The IMF have published a working paper (WP/19/74) by Reda Cherif and Fuad Hasanov called “The Return of the Policy that shall not be named: Principles of Industrial Policy”. They want to explore how to achieve high and sustained growth and look at particular at the “Asian Miracles”.
They observe that there is little support or evidence in favour of traditional industrial policy but also that there are still proponents of greater state planning. But they note that: “The example of Hong Kong illustrates well the contrasting views on what made the Asian miracles. Many argue that its success was due to free-market policies (e.g., Monnery 2017) rather than industrial policy”.
The authors suggest argue that the success of the “Asian Miracles” is based (at least in part) on a “soft” industrial policy – TIP Technology and Innovation Policy. They believe that TIP has three elements:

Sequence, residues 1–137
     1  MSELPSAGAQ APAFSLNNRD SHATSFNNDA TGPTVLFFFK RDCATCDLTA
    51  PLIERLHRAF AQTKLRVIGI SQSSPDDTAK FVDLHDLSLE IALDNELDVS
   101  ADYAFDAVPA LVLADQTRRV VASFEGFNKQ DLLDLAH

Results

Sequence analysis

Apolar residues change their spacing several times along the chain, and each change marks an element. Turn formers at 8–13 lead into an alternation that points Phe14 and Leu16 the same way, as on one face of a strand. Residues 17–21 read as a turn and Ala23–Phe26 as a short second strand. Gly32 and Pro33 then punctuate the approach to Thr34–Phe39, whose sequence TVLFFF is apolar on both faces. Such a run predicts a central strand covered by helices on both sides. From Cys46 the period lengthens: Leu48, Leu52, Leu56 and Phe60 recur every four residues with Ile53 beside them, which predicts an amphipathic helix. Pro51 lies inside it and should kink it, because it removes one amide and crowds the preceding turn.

(i) state intervention to fix market failures that preclude the emergence of domestic producers in sophisticated industries early on, beyond the initial comparative advantage;
(ii) export orientation, in contrast to the typical failed “industrial policy” of the 1960s–1970s, which was mostly import substitution industrialization (ISI); and
(iii) the pursuit of fierce competition both abroad and domestically with strict accountability.
This obviously has very close parallels with Cowperthwaite’s policy mix.